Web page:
The rightful right to be right – masterpieces by Shan Sa and Gaël Faye

I have recently read two powerful books thanks to my new job – nearly a month has passed since I’ve become a member of the bookshop staff and I’m at my fifth reading, great! (And I just got extra-work from a customer – she is an adorable old lady – who lent me one of her favourite books, L’épervier de Maheux by Jean Carrière, the winner of the 1972 Goncourt Prize!) Among my readings then, two books have deeply imprinted my memory. I’d love to say that they are wonderful, but I can’t. They are, they truly are, but ‘wonderful’ is too positively connoted to be used here. These works are poignant, poetic, brutal, enchanting, violent, tender… So many paradoxical adjectives can serve the purpose. And they rely on one another to fully describe the atmosphere the reader discovers when penetrating into the narratives; they are interdependent.

The books I was so moved by are Shan Sa’s The Girl Who Played Go and Gaël Faye’s Petit Pays. While the first was published years ago (2001), the latter is recently published (2016), and they both won the ‘Prix Goncourt des Lycéens’. What those two fine works have in common is the accurate knowledge of their home countries – China (Manchuria) for one and Burundi for the other – and their insight into the horrendous incessant fight between neighbouring countries and races – Japanese vs. Chinese in Manchuria in the 1930’s and Hutus vs. Tutsis in Burundi and Rwanda in the 1990’s. The aforementioned conflicts lead to deplorable consequences – the killing of so many Chinese civilians by the Japanese army before the Second World War was triggered and the Rwandan genocide of 1994.

They are and they are not easy readings altogether. The allegorical writing of the authors allows the eyes to behold the words and explore the metaphores with a certain ease. When we look at the texts, there is no apparent difficulty. But the content hits you with full force. The reader is powerlessly witnessing hatred and violence taking over love and reason. Passions are no longer conceivable, slaughter turns into a harsh daily reality. Is there hope left for any of the protagonists? For their contries, their races? Is there anything to believe in that won’t be destroyed in the end? Is pluralism a bad thing and shall we all conform to a unique way of seeing, imagining, being? We don’t know. Even after closing the book, we are still unsure. Wondering is our only option – both for us readers and for the paper beings we commiserate with.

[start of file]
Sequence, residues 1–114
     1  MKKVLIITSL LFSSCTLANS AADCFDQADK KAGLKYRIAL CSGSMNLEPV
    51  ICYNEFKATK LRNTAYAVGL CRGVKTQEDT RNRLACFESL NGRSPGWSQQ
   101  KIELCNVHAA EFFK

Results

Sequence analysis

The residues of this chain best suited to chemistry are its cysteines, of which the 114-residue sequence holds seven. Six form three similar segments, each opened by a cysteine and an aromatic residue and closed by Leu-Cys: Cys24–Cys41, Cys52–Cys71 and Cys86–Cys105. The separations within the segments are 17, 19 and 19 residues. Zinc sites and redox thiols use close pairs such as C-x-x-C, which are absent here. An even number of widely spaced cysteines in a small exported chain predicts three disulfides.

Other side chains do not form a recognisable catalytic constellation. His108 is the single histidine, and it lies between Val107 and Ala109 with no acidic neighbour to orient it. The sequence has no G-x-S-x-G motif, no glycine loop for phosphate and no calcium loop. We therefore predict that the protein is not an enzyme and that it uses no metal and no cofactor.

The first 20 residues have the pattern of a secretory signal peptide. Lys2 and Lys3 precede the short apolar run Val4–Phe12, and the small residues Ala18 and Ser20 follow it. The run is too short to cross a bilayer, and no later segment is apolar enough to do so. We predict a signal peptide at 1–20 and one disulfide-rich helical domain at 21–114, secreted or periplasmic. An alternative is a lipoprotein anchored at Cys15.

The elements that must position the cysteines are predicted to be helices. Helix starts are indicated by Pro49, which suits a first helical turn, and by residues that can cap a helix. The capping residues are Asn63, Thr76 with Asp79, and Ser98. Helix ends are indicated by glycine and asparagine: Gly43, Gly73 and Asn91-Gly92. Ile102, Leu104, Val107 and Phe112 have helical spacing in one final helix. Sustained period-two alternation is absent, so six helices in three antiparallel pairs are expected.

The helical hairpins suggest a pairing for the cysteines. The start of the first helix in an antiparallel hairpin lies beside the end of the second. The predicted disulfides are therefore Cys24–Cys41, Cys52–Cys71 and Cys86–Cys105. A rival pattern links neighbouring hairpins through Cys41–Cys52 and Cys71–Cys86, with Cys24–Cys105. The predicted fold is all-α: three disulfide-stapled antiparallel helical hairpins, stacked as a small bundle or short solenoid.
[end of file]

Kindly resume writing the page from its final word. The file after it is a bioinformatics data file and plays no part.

After all that’s happened and carrying a forever haunting past, is there anything rightful? Shall we listen – but to whom? Shall we act – to do what? Shall we dare think – to what end? Maybe simply (that’s definitely not the right adverb) read for now. Who knows which truth will unfold for you?

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literarymarge

I am a French girl interested in all and nothing!

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